or elsewhere if you are interested in more detail. In any hierarchical organization, successful people are continuously promoted to new challenges. Most of the time those challenges require new skills and core competencies. At some point an individual is promoted to a position they are unqualified for at best or at worst totally incapable of. The Peter Principle then surmises those people are then left to languish in that position without promotion and reign their complete incompetence on those around them and under them. In a single sentence the Peter Principle states you are promoted to your level of incompetence. For many, that just so happens to be CEO. In my estimation, the most grand example of the Peter Principle are politicians. Especially ones who take claim for creating the internet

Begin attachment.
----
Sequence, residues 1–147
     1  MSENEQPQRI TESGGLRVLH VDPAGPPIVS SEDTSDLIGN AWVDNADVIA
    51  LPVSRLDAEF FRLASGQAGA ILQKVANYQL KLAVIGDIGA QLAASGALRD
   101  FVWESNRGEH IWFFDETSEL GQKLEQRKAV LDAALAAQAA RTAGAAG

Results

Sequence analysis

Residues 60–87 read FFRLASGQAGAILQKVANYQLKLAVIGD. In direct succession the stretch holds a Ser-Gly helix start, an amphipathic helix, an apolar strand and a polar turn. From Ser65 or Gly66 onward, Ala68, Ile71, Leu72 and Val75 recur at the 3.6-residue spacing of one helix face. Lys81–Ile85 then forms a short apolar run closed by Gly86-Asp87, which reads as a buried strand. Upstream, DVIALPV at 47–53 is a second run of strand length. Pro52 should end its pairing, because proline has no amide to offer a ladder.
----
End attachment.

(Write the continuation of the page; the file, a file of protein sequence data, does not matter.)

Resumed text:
, tell us the economy is great based on Ouija board analysis, claim to be the experts in global warming, take claim for solving world hunger and claim credit for economic growth in the American culture of innovation they so luckily live under. But, I digress. You may be a shining example of the Peter Principle. I might be an example. The Peter Principle doesn't mean the person is a fool. Just that one has reached a level of "unqualifiedness
In today's society, it doesn't just apply to organizations and politicians but to those whom the masses rely upon for expert opinion. You see it in the financial press constantly. Someone on Wall Street is asked about Google's